Not Enough Juice
Once upon a time, I got on a plane to Omaha to watch a baseball game and fly back home the next day. As you might expect, that’s not where the story ended. There wasn’t a happily ever after or a return flight the next morning. No, but there were peanuts and a map and a change of plans (see North Dakota On A Napkin from November 2011). I brought my iPhone and, by luck, I brought my little iShuffle, but I did not bring the magic cable that in the first decade of the millennium connected my devices to the car stereo. Oh, I also didn’t rent a car. So I get up early, catch a shuttle to the airport, and rather than board a flight, I snag a car. And a map. Next stop: buy an auxiliary cable and snacks. Next stop: North Dakota.
Since I did not plan to drive, I did not bring a car charger for my phone. I tired to conserve every ounce of juice, but somewhere in the upper Dakotas, the tunes lost their umph. The back-up device also held its own until after sunset – another triumph given that the sun didn’t dip below the horizon until quarter after nine that night. But a couple hours of driving and Nebraska are still ahead of me, and no pre-selected playlist accompanies the remainder of my return to the rental car lot. I find what I can on the radio, but my eyes are on the road more than my ears are on the options. My travel playlists (see The Soundtrack from December 2012) lasted as long as they could.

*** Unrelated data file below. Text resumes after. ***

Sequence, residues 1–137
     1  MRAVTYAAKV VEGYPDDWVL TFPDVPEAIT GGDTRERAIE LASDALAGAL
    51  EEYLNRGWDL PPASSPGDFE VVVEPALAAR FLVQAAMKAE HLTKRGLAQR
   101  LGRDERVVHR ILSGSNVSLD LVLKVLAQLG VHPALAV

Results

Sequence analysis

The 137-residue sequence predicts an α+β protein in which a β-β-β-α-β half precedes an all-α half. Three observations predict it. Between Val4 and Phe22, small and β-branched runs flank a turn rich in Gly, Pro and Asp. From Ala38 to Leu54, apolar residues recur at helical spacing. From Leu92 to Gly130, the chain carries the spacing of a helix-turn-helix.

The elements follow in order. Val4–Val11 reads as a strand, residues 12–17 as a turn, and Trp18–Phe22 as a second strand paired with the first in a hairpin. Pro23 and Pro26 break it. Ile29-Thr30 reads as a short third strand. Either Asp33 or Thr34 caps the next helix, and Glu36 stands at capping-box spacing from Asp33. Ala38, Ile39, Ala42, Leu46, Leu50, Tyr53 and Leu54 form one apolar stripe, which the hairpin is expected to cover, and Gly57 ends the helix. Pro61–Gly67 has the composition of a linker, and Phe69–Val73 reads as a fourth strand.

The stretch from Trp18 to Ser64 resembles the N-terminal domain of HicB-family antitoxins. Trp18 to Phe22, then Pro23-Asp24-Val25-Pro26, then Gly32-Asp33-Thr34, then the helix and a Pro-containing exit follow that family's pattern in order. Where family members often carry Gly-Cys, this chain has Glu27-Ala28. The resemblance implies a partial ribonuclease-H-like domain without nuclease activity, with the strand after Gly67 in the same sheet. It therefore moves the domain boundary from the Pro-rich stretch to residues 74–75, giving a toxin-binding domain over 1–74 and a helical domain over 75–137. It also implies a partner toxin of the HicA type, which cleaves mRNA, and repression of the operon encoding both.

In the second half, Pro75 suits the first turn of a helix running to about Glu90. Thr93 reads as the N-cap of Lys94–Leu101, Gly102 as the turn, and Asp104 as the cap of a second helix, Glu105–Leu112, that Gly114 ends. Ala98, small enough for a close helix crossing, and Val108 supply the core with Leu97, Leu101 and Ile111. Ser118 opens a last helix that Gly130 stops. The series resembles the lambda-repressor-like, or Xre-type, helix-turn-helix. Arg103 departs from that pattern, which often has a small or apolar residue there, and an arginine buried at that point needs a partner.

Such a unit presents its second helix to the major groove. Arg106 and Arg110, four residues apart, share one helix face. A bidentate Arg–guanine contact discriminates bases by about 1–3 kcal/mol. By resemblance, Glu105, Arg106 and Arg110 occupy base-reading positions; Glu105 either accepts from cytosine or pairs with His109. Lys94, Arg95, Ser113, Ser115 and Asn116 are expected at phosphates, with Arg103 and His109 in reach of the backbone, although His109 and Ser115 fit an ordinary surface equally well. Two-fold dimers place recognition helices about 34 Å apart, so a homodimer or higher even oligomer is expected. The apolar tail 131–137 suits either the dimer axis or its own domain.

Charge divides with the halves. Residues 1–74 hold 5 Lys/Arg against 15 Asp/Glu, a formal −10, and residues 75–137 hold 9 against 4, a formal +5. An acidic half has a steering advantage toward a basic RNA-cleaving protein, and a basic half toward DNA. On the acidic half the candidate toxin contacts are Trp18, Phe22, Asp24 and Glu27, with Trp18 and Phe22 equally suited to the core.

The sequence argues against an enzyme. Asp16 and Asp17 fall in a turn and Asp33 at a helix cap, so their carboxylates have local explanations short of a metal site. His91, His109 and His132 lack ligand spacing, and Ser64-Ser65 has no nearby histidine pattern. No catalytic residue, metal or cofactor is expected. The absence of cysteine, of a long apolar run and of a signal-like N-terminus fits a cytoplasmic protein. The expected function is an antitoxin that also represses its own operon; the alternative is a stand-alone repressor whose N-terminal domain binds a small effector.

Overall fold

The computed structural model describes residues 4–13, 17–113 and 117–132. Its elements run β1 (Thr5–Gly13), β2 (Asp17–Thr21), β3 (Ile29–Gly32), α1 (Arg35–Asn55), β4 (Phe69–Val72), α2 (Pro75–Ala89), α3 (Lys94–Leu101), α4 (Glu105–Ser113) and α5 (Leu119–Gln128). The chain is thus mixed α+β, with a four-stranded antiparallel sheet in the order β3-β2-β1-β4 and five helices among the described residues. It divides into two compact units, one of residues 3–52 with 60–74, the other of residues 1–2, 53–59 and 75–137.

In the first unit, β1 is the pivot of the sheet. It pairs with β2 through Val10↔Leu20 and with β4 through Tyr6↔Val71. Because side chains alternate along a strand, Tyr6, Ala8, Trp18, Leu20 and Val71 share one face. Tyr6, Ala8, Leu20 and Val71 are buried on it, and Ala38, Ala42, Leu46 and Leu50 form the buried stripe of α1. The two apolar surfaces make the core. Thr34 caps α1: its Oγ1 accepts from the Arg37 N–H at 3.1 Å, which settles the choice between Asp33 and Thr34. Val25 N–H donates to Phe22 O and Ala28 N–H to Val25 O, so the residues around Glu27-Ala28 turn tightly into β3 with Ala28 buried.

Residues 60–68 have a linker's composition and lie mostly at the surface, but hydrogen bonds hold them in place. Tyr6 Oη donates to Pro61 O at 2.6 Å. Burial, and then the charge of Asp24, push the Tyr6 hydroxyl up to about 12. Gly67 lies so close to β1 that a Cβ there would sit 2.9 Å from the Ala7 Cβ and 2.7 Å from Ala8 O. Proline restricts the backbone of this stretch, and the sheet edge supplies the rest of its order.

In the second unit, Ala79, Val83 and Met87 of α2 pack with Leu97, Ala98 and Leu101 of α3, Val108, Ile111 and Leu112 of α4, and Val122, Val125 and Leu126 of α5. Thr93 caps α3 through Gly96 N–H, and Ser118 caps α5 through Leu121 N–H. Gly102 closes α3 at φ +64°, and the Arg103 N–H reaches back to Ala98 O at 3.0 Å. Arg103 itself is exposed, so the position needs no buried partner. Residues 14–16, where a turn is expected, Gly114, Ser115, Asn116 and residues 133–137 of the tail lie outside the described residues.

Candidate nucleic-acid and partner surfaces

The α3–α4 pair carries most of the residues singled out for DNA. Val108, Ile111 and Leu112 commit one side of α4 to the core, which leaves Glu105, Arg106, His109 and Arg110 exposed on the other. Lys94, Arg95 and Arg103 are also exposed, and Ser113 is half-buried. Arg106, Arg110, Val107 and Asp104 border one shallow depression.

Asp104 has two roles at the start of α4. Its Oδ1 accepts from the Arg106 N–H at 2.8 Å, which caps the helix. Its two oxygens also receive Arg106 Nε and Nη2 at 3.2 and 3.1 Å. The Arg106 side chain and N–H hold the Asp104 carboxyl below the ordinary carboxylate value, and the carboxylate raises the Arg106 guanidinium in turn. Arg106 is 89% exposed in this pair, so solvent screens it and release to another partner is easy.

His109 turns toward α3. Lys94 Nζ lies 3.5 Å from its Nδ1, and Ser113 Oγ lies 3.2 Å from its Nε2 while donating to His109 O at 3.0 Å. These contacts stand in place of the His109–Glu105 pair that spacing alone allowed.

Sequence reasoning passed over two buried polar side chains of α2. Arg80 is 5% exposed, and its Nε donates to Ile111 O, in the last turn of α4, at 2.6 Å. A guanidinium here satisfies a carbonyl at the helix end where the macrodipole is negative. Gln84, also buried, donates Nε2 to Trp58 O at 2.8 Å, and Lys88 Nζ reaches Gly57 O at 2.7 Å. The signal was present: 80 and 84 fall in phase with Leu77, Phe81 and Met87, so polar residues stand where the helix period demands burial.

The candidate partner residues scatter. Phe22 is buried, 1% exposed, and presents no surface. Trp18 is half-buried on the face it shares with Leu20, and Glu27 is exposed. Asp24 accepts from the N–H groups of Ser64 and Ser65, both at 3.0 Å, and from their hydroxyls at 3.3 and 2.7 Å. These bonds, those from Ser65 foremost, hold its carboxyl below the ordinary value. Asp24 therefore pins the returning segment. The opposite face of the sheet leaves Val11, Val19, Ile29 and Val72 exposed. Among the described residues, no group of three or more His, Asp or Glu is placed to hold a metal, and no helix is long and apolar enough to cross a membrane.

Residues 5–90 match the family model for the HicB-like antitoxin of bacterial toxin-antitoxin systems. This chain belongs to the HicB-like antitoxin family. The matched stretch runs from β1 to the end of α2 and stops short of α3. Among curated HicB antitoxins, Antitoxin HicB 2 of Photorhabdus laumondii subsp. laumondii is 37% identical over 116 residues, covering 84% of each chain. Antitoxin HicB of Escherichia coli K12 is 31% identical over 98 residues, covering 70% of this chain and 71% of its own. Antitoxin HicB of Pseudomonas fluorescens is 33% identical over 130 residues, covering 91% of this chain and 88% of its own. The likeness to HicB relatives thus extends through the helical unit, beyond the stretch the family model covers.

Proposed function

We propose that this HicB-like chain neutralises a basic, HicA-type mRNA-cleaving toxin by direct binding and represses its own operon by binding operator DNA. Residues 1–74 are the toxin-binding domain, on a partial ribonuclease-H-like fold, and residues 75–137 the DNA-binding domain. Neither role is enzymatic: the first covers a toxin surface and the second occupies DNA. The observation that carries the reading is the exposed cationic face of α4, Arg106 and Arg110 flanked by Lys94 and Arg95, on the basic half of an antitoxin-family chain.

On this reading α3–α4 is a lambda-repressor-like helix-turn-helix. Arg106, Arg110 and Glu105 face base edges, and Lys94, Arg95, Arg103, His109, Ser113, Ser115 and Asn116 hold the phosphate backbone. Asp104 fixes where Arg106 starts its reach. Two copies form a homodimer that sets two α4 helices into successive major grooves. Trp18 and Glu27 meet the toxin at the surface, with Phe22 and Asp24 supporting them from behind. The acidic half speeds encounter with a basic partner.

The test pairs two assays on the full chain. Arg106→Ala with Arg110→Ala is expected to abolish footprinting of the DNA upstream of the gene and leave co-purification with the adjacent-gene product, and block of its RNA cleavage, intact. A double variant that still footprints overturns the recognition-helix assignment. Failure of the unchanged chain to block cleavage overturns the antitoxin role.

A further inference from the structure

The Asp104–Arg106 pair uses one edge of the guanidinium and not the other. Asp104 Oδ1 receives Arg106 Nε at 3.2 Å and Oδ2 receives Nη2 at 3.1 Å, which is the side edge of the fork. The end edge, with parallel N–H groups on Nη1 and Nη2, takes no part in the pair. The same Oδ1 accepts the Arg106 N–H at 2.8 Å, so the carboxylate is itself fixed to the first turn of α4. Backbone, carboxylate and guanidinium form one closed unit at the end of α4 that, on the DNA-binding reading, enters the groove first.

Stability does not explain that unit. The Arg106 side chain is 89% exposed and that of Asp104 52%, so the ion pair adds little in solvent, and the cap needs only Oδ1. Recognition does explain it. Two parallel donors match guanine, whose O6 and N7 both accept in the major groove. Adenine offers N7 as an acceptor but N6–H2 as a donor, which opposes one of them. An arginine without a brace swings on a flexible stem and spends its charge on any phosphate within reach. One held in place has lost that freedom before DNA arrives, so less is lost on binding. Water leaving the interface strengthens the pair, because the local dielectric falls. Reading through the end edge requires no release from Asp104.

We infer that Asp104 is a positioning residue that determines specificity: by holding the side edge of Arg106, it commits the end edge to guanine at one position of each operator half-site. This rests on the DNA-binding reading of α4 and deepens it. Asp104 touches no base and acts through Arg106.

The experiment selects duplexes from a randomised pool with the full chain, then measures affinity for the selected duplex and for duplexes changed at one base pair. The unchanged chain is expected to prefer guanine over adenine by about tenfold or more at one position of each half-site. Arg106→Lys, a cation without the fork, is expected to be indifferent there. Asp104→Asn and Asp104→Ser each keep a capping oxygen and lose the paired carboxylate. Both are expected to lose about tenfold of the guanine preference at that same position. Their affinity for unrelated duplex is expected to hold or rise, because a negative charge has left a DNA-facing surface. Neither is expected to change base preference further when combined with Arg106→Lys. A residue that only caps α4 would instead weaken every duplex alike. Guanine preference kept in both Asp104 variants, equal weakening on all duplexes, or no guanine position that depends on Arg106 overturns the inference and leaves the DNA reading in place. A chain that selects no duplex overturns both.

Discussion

Raindrops On The Windshield
Maybe it’s South Dakota. Maybe it’s the length and breadth of South Dakota. That long, spontaneous Fourth of July a decade ago wasn’t the only day the pavement lasted longer than the audio selections. Somewhere between Murdo and Wall, my latest device needed a recharge, but the charger isn’t handy. Again I default to the radio, but across the middle stretch of Interstate 90, I discover a dearth of FM stations. I’m not opposed to driving in silence – obviously I’ve done it before – but the storm clouds are brewing and music helps take my mind off the bolts striking the prairie ahead of my vehicle and the gusts pressing against the side of my vehicle. I push onward.
I also push the dial on the radio and stumble upon an AM station – the only station – playing country music. This will do to relax me as I advance into the storm and mask the sound of raindrops pelting the windows. My thunderhead pup in the back seat pants. I hope the ballads and banjos and twangs will distract her from the tempest on the outside as I turn up the volume. Mother Nature and laws of coincidences collide as do the summer heat and high humidity leading into the DJ’s next selection: the precise wrong Garth Brooks melody about a strange new perfume that blows. Both inside and outside, the thunder rolls.